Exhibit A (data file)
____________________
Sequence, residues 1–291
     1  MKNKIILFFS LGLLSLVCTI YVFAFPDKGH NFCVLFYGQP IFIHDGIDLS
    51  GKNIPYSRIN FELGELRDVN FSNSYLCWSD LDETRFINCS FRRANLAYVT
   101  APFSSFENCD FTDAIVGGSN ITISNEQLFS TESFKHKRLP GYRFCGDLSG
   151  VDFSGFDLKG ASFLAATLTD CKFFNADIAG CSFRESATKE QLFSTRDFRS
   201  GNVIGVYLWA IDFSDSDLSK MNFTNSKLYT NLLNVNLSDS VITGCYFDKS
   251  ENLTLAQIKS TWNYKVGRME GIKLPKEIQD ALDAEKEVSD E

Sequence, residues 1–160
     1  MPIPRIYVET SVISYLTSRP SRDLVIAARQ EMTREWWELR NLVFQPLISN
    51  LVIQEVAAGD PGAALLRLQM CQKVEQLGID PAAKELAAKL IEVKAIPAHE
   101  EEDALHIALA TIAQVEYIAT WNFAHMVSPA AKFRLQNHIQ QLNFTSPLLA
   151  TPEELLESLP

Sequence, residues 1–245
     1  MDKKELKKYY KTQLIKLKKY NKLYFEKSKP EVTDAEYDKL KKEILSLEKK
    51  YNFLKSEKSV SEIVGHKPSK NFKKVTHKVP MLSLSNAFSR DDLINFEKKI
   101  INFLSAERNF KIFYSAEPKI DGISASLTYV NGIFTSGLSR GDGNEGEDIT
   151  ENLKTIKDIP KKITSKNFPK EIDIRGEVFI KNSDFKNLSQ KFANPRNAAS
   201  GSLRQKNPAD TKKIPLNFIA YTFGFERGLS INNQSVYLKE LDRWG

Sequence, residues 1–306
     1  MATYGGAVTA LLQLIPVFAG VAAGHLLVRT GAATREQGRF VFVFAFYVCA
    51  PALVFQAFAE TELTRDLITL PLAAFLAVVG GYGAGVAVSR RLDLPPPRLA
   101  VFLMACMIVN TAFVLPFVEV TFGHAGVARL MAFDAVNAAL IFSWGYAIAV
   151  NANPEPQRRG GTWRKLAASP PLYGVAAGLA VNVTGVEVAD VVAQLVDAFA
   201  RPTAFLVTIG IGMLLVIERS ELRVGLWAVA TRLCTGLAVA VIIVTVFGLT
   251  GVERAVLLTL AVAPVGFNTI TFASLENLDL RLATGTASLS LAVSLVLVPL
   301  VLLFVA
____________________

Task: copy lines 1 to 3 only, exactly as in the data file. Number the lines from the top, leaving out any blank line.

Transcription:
Sequence, residues 1–291
     1  MKNKIILFFS LGLLSLVCTI YVFAFPDKGH NFCVLFYGQP IFIHDGIDLS
    51  GKNIPYSRIN FELGELRDVN FSNSYLCWSD LDETRFINCS FRRANLAYVT